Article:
The predominantly black residents of North City St. Louis live in neighborhoods where green spaces have been shaped by two legacies: formal green spaces associated with parks, cemeteries, and private streets that reflect the goals of pre-World War II city leaders, business people, planners, and residents; and informal green spaces created by urban renewal, population declines, and home abandonment since the 1950s.

Are you interested in using the State Historical Society of Missouri's primary and secondary sources in your classroom? In this free video, watch as Kathleen Seale, SHSMO senior archivist, explores how to access the digital and material collections available through SHSMO and discover tips for finding effective resources within these vast collections–without having to travel.

The African American Press has a long history of agency and activism. Dating its founding from 1827 with the publication of Freedom’s Journal in New York, the press has a legacy of protest and a history of the struggle for survival. Between 1875 and 1970, Missouri was home to more than 60 black-owned newspapers. Debra Foster Greene looks at the lives and works of several African American newspaper publishers and editors in the Show-Me State.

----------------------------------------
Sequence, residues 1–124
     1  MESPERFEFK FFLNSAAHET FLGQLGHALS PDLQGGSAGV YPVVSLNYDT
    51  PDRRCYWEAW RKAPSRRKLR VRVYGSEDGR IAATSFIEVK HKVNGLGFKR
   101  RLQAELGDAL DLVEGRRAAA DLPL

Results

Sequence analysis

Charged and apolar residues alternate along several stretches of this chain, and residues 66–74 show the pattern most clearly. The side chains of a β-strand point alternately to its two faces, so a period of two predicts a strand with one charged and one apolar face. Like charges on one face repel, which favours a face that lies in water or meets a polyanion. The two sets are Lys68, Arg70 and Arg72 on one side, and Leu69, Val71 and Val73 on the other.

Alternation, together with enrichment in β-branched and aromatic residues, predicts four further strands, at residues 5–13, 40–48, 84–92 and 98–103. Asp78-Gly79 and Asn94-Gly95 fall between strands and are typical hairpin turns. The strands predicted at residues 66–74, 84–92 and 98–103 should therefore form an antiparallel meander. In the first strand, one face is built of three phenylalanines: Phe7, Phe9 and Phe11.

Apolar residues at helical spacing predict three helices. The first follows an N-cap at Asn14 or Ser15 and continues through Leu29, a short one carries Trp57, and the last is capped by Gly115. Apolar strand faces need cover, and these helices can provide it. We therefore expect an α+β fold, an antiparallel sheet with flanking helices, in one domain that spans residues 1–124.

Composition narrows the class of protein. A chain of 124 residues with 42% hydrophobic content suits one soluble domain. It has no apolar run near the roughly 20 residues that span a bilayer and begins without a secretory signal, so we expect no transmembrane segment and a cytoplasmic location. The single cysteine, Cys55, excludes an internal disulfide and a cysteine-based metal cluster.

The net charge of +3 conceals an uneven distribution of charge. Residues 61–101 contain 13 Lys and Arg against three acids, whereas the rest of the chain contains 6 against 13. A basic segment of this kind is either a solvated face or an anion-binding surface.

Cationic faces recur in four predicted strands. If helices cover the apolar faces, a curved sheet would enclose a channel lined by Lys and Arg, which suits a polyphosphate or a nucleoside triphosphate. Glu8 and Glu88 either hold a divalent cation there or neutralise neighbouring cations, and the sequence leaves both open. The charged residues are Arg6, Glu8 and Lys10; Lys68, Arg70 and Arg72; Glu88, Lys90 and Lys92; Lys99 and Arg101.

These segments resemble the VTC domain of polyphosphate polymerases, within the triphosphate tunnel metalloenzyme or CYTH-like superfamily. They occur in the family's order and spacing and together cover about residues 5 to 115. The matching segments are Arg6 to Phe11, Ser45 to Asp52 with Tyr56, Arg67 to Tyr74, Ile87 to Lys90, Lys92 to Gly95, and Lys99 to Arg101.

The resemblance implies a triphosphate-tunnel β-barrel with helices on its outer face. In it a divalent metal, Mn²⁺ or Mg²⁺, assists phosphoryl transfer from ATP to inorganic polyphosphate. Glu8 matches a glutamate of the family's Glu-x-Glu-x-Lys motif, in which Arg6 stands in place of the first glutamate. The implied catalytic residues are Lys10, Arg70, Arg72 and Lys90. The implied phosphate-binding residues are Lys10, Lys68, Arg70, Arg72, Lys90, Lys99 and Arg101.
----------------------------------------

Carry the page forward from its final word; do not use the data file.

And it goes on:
Gary R. Kremer explores the history of Lincoln University from its founding by former Missouri slaves in 1866 through its emergence as a state-funded normal and vocational school to its establishment as the state’s only public institution of higher education for African Americans in 1921. Special attention is given to Lincoln University’s “golden years,” from 1921 through the mid-1950s, when it was often referred to as the “Black Harvard of the Midwest.”

In his path-breaking book Mapping Decline: St. Louis and the Fate of the American City, Colin Gordon combined GIS digital mapping techniques with extensive archival research to reach new perspectives on St. Louis’s decades-long struggles with depopulation, segregation, economic disparity, and urban decay. Gordon's current research continues to probe for deeper understanding of the underlying issues and failed policies behind urban crises such as the turmoil in Ferguson after Michael Brown was shot and killed by local police on August 9, 2014.

In this 2018 fall lecture from the State Historical Society of Missouri, Caroline Fraser speaks about her Pultizer Prize-winning biography, Prairie Fires: The American Dreams of Laura Ingalls Wilder.